CW: Depression & Anxiety:
Growing up, I assumed that my adulthood would be like my peers. I knew that I wanted to go to college by the time I was in elementary school. I’d always been told that if I worked hard and had good grades, I’d have no problem achieving my dreams. At the time, I had no idea that adulthood with a disability would be challenging.
I graduated from high school in 2018, and was looking forward to attending college. Following my freshman year, I wanted to look for experience to add to my résumé during the summer. I contacted a publishing company and was told that the office isn’t accessible.
Later that year, I began to look for paid work. Nearly three years later, I am still unemployed. I applied to grocery stores, fast food restaurants, convenience stores, and retail stores. I couldn’t get a job at McDonald’s, Wendy’s, or Stop And Shop. Employers don’t hire me once they find out that I am disabled. It is incredibly frustrating to me that employers are discriminatory. This has led to severe depression, and anxiety. I question my worth daily.
This doesn’t match what I was told as a child, either. I thought that discrimination wouldn’t happen to me. Unsurprisingly, people without disabilities are three times more likely than those with disabilities to be employed. In addition, the poverty rate is roughly 26% for those with disabilities but just 11% for people without disabilities.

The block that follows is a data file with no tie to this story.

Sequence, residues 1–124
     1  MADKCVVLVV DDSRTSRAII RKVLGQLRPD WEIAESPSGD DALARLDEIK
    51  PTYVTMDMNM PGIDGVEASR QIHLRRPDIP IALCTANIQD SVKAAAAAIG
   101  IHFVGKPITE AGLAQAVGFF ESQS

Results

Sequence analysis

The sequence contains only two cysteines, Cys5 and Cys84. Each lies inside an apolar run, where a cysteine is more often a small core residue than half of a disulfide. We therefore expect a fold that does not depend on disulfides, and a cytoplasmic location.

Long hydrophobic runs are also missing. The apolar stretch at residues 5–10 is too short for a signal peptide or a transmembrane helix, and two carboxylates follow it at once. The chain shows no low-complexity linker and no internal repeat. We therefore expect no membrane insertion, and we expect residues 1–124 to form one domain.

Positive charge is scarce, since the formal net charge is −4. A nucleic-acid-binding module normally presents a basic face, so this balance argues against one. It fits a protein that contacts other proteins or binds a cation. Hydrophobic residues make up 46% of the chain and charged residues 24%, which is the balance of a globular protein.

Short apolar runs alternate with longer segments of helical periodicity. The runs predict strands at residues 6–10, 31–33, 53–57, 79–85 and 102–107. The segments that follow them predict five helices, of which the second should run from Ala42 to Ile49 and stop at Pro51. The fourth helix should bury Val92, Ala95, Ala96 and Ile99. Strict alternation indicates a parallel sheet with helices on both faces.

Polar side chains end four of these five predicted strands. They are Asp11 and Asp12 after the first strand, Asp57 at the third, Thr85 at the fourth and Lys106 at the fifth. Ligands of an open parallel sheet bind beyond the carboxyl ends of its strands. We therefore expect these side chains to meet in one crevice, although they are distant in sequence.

I rely on Medicaid to pay for my PCA as well. My PCA assists me with activities of daily living, including showering, toileting, and dressing. Medicaid is an income-based program. I can’t make too much money or have too many assets. I am waiting to meet with a benefits counselor to see how working will affect my SSI and Medicaid insurance. I wouldn’t be able to work without Medicaid. I wouldn’t even be able to take a shower without Medicaid.
I knew I wanted to move out of my parent’s home as an adult as well. I feared I might live in a nursing home or group home. This wasn’t what I wanted. Accessible housing is hard to find in the United States. Apartment List conducted a study utilizing information from the American Community Survey and the American Housing Survey in February 2020. According to the data, only 9% of households with a disabled member reside in an accessible home. Despite the fact that more than 15% of households in the US include a member who is physically disabled, only 6% of homes are accessible.
Americans with disabilities deserve equal opportunities. We should be able to achieve our dreams like our non-disabled peers. We are tired of being left behind and forgotten. It’s time for all Americans to understand that.
Cahill, Rachel M., and Laura J. Samuel. “Food Insecurity in the Disability Community: Disparities in Snap Access: .” Health Affairs, Health Affairs , 17 May 2021, https://www.healthaffairs.org/do/10.1377/forefront.20210513.420153/.
Roberts, Lily, et al. “Removing Obstacles for Disabled Workers Would Strengthen the U.S. Labor Market.” Center for American Progress, Center for American Progress, 23 May 2022, https://www.americanprogress.org/article/removing-obstacles-for-disabled-workers-would-strengthen-the-u-s-labor-market/.
Warnock, Rob. “How Accessible Is the Housing Market?” Apartment List, Apartment List, 19 February 2020, http://www.apartmentlist.com/research/how-accessible-is-the-housing-market.